Buffer_Microcontent_091715-11

Our best ideas about what this means

Seems a bit counterintuitive, right? Tweets without links get more favorites, retweets, and replies than tweets with links.

I was fortunate to have the eyes of my Buffer teammate Tom on this data, and he had a really great thought as to what might be afoot here.

My hunch is it could be partly related to how behavior differs across various Twitter accounts.

I have a feeling that businesses and brands might use Twitter moreso to promote external content through the use of links while personal accounts might be more conversation-focused.
Thinking how this might work on Facebook, for instance, if a company with 1,000 followers posts out a promotional link, it might get 10-15 likes while a personal post to 600 friends might get 50-100 likes.

We took this idea and explored a bit further. What is the breakdown of tweets with links vs. tweets without links, based on different follower tiers?

Tweets With Links

It’s really fascinating that large accounts do post links in the vast majority of their tweets (around 70-80% of all tweets for accounts with up to 16,000 followers), yet the huge accounts—16,000 followers and up—post a relatively large amount of tweets without links!

Could it be that some of the huge accounts are having more conversations than smaller accounts?

It’s an interesting theory and a good reminder that the data we’ve explored here includes everything from everyone who shares with Buffer—both brands and individuals.

A couple extra thoughts:

  • Should brands start composing tweets without links? It’d be a good test to try. My best guess is that there’s likely a lot of factors that would be hard to predict. For example, are people less likely to engage with a conversational tweet because it’s from a business vs. from a friend?
  • It might also be interesting to mention that tweets with images were less likely to contain links than tweets without images. Since we learned from the earlier takeaway that image tweets get great engagement, it’s possible that images could play a big role in the engagement effect of tweets with or without links, too.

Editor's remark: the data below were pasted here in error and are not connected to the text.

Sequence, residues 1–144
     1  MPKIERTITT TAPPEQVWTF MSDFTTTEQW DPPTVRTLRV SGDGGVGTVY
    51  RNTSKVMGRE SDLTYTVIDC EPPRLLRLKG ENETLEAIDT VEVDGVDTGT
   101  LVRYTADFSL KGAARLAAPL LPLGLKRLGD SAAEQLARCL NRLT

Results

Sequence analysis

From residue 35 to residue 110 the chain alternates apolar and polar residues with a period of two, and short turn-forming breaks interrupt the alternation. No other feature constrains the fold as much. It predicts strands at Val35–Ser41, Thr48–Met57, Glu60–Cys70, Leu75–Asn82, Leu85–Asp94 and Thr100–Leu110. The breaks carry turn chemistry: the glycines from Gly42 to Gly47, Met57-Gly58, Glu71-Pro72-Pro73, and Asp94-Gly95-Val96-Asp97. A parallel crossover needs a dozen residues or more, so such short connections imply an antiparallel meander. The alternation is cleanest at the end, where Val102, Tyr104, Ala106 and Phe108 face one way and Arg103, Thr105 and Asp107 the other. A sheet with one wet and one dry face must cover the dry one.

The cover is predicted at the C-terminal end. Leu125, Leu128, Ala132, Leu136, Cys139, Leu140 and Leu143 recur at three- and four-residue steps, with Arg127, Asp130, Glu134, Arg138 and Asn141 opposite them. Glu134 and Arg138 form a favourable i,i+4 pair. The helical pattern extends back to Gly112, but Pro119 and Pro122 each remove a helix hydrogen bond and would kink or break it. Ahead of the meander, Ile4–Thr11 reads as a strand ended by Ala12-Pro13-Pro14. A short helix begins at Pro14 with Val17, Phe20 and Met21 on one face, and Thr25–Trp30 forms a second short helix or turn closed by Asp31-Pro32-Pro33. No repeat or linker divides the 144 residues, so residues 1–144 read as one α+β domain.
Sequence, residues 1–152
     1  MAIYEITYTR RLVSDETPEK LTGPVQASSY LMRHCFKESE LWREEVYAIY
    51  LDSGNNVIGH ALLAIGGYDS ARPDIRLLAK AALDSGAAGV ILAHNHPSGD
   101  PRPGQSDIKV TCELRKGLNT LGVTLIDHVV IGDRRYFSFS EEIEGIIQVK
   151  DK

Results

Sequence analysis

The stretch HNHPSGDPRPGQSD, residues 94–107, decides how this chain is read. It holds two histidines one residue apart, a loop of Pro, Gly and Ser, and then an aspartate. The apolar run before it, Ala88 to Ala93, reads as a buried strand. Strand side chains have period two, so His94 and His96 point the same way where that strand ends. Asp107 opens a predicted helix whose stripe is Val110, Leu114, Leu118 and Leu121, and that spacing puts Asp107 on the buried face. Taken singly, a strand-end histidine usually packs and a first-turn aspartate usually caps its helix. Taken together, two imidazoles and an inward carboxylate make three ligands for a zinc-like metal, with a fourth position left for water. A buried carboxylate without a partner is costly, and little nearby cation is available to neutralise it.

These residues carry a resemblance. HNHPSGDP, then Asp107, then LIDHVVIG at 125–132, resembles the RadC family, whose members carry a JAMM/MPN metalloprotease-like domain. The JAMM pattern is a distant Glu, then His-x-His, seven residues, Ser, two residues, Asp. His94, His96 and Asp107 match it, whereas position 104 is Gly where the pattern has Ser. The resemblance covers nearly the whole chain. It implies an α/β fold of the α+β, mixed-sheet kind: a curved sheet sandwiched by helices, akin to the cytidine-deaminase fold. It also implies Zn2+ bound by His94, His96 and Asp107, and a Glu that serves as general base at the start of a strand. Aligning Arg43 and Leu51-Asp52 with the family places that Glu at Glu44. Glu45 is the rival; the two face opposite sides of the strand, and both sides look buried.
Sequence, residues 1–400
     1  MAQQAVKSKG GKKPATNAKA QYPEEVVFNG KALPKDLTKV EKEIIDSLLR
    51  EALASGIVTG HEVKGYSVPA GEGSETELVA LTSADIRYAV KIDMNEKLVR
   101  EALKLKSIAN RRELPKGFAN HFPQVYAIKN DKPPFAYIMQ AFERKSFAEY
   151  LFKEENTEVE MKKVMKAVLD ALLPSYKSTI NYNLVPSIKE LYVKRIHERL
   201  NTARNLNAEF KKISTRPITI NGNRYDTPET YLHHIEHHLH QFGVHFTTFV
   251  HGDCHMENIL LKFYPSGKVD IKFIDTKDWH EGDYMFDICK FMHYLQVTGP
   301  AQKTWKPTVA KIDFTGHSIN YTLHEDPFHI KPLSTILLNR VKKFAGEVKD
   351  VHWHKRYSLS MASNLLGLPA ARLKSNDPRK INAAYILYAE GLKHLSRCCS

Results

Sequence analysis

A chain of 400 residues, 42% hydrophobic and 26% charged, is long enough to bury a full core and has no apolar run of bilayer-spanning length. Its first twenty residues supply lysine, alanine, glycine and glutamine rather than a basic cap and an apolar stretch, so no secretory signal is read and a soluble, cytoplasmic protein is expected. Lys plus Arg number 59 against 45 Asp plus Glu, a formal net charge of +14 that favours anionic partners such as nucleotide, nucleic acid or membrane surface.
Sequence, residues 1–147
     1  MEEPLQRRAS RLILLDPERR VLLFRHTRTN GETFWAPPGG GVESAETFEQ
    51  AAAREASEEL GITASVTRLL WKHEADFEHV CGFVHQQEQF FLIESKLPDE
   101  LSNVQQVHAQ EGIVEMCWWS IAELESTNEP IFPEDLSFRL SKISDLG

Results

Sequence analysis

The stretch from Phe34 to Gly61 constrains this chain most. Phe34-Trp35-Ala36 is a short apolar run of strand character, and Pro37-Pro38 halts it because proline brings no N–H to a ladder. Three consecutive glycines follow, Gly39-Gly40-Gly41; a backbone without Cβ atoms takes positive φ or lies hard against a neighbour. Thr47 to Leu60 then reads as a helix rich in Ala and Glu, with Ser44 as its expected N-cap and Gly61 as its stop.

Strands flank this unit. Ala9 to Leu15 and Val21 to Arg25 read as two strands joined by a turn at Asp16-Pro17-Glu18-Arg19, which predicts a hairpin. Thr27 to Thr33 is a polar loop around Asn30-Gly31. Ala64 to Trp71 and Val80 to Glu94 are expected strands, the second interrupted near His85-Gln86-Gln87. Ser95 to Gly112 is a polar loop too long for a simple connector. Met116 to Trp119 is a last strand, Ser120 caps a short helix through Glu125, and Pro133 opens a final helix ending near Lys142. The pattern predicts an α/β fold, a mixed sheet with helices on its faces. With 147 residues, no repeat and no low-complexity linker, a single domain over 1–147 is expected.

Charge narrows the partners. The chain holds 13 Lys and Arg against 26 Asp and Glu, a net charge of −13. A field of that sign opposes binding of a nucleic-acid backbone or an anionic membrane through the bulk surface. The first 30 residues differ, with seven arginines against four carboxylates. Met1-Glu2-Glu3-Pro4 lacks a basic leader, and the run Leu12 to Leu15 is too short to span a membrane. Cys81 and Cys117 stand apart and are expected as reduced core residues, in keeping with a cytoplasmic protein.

Can including a hashtag improve the amount of engagement you get?

We’ve mentioned in past articles that hashtags help your tweets. We’ve highly encouraged you to give them a try.

Does our new data support this?

Yes!

This plot below shows the average amount of engagement per follower for tweets by the number of hashtags included. It’s fascinating to see a clear positive relationship here. The positive effects of adding more hashtags seems to rise steadily all the way to 4 hashtags per tweet.

Buffer_Microcontent_091715-13

So how many hashtags do people usually use?

The majority of the tweets in our dataset, roughly 500,000, don’t contain any hashtags, and slightly less than 200,000 contain just 1. It’s interesting that there seems to be a clear positive relationship between the number of hashtags and the amount of engagement, yet most tweets don’t quite take advantage!

Buffer_Microcontent_091715-12

Further notes about methodology

In addition to the way that we went about measuring engagement (retweets plus favorites plus replies), one might also be tempted to give more weight to retweets because they are often considered to be more valuable than favorites or replies. An engagement measure like (2 * retweets + favorites + mentions) / followers could account for this difference in value, for instance. The challenging part was thinking about exactly how much more valuable a retweet is than a favorite or mention. Is a retweet really worth two favorites? We decided to try to keep the measure simple and minimize the number of underlying assumptions and estimations.

Reflecting on our engagement measure, we thought of other factors that might skew the amount of engagement that a tweet gets. The first such factor that came to mind was the number of followers that an account has.

If we think of engagement as retweets + favorites + mentions, then large Twitter accounts are naturally likely to receive more engagement than smaller accounts, even if the smaller accounts follow the best practices of tweeting. 🙂